(–almost like being in the nightmare, that same feverish blur of the world slipping off its axis, but this time he was the one in control, this time he was the nightmare–)

The second hand, the thinnest of the three, suddenly snapped and fell out of the clockface completely, bouncing once on the rug and disappearing into the ashes of the hearth.

Conor stepped back quickly, letting go of the pendulum. It dropped to its centre point but didn’t start swinging again. Nor did the clock make any of the whirring, ticking sounds it usually made as it ran, its hands now frozen solidly in place.


Conor’s stomach started squeezing as he realized what he’d done.

Oh, no, he thought.

Oh, no.

He’d broken it.

A clock that was probably worth more than his mum’s whole beaten-up car.

His grandma was going to kill him, maybe actually, literally kill him–

Then he noticed.

The hour and minute hands had stopped at a specific time.


As destruction goes, the monster said behind him, this is all remarkably pitiful.

Conor whirled around. Somehow, some way, the monster was in his grandma’s sitting room. It was far too big, of course, having to bend down very, very low to fit under the ceiling, its branches and leaves twisting together tighter and tighter to make it smaller, but here it was, filling up every corner.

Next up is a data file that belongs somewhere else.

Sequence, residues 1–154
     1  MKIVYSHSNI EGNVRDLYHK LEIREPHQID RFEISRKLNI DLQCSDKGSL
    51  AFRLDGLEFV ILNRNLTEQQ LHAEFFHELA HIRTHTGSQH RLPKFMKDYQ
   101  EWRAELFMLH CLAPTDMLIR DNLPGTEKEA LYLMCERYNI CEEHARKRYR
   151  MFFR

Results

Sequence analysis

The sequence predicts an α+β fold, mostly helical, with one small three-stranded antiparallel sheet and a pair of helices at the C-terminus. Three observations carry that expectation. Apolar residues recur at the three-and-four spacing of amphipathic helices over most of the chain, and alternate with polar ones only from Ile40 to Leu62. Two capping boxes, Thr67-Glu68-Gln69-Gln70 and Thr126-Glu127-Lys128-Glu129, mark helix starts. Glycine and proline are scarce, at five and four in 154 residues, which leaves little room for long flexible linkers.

It is the kind of destruction I would expect from a boy, it said, its breath blowing back Conor’s hair.

“What are you doing here?” Conor asked. He felt a sudden surge of hope. “Am I asleep? Is this a dream? Like when you broke my bedroom window and I woke up and–”

I have come to tell you the second tale, the monster said.

Conor made an exasperated sound and looked back at the broken clock. “Is it going to be as bad as the last one?” he asked, distractedly.

It ends in proper destruction, if that is what you mean.

Conor turned back to the monster. Its face had rearranged itself into the expression Conor recognized as the evil grin.

“Is it a cheating story?” Conor asked. “Does it sound like it’s going to be one way and then it’s a total other way?”

No, said the monster. It is about a man who thought only of himself. The monster smiled again, looking even more wicked. And he gets punished very, very badly indeed.

Conor stood breathing for a second, thinking about the broken clock, about the scratches on the hardwood, about the poisonous berries dropping from the monster onto his grandma’s clean floor.

He thought about his father.

“I’m listening,” Conor said.


One hundred and fifty years ago, the monster began, this country had become a place of industry. Factories grew on the landscape like weeds. Trees fell, fields were up-ended, rivers blackened. The sky choked on smoke and ash, and the people did, too, spending their days coughing and itching, their eyes turned forever towards the ground. Villages grew into towns, towns into cities. And people began to live on the earth rather than within it.

But there was still green, if you knew where to look.

(The monster opened its hands again, and a mist rolled through his grandma’s sitting room. When it cleared, Conor and the monster stood on a field of green, overlooking a valley of metal and brick.)